(Doing my bi-monthly perusal of Distutils activity, I find...)
.... Specifically, Greg Stien and Gordon McMillan (and plenty of people before them :-) seem to have what is considered "state of the art" in where this is heading.
[Jim Ahlstrom] I don't know of techniques which aren't Windows specific. Greg??Gordon??
Mark is referring to Greg's imputil.py (http://www.lyra.org/greg/small/) and some of the places I've taken it. My Win32-specific installer (ftp://ftp.python.org/pub/python/contrib/System/Installer_r_01.exe) makes use of this, but not all of it is Windows specific. (I originally packaged it so the cross-platform stuff was available separately, but there was no apparent interest from non-Windows users.)
Greg's imputil.py basically makes it possible to create a chain of importers, with the standard mechanism pushed to the end. Writing an importer is easy. You set up the chain is site.py.
I created a way of building archives of .pyc's (or .pyo's, though I've never worked with them). These are compressed with zlib. The standard library fits in about 500K and (subjectively) it is no slower and perhaps faster than the regular method. The mechanism handles modules and packages, and the building of an archive can be done in all kinds of ways (including using modulefinder from freeze).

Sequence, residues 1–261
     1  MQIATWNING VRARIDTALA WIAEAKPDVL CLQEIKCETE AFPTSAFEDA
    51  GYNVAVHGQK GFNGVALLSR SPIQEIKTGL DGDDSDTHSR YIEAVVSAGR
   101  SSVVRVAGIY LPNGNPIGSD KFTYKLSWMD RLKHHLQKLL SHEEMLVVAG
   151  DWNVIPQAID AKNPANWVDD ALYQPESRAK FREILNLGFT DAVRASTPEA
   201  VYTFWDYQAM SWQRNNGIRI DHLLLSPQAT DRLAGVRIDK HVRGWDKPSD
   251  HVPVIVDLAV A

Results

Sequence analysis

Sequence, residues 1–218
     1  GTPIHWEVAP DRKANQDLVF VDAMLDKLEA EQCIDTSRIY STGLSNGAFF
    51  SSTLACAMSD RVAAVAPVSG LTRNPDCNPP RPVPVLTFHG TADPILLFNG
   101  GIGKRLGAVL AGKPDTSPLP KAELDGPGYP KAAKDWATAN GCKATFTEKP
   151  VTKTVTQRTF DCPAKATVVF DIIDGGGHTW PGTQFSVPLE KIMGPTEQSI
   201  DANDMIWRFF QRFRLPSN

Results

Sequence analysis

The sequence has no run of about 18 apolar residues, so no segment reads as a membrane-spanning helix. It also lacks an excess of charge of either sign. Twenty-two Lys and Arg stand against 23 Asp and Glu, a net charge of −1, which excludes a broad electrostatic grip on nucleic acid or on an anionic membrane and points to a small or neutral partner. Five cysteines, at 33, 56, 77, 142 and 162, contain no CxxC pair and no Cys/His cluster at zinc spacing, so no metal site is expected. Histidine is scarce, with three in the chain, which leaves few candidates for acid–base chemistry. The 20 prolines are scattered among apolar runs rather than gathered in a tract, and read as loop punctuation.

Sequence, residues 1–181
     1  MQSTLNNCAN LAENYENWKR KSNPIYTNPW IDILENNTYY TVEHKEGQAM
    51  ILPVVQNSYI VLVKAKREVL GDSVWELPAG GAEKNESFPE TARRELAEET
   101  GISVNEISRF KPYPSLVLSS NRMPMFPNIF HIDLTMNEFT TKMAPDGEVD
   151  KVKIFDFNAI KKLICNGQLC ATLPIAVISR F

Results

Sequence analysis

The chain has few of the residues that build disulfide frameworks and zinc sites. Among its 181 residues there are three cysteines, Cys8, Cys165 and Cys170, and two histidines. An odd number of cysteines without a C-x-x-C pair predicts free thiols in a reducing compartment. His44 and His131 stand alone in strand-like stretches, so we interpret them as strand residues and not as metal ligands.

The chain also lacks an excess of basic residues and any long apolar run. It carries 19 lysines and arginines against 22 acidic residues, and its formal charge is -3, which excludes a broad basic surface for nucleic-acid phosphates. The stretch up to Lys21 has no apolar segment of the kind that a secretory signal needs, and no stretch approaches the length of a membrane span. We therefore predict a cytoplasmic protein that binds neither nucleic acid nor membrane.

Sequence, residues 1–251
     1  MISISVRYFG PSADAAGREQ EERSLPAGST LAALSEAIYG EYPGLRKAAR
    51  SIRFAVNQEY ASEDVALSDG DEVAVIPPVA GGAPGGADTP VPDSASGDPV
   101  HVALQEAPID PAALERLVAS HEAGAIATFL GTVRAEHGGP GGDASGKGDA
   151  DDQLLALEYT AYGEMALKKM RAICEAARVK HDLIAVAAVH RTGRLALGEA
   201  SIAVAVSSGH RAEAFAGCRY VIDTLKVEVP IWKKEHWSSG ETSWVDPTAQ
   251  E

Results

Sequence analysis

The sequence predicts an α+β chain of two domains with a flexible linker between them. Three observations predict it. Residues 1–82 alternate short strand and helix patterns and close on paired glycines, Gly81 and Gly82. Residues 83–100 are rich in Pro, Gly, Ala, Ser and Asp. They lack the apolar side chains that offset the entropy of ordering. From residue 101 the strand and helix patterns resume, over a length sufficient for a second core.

I also created another kind of archive that can package up arbitrary stuff, and is fairly easily unpacked from C code.
All of the above is cross-platform.
On Windows, this means you can have a complete Python installation (independent of any other Python installation) in a single directory:
myPython/ python.exe (and/or pythonw.exe) python15.dll (completely vanilla) py_lib.pyz exceptions.py (from the std distr) site.py (hacked to load all the .pyz's) [any other .pyd's or .dll's you want] [more .pyz's if you want] [more .py's if you want]
(The Window's installation / standalone stuff goes further than this).
These .pyz's do work on Linux, but the steps Python goes through to determine where it lives is simpler on Windows. I'm not sure what it would take to get a single directory Python installation (independent of any other installed Pythons) working on *nix.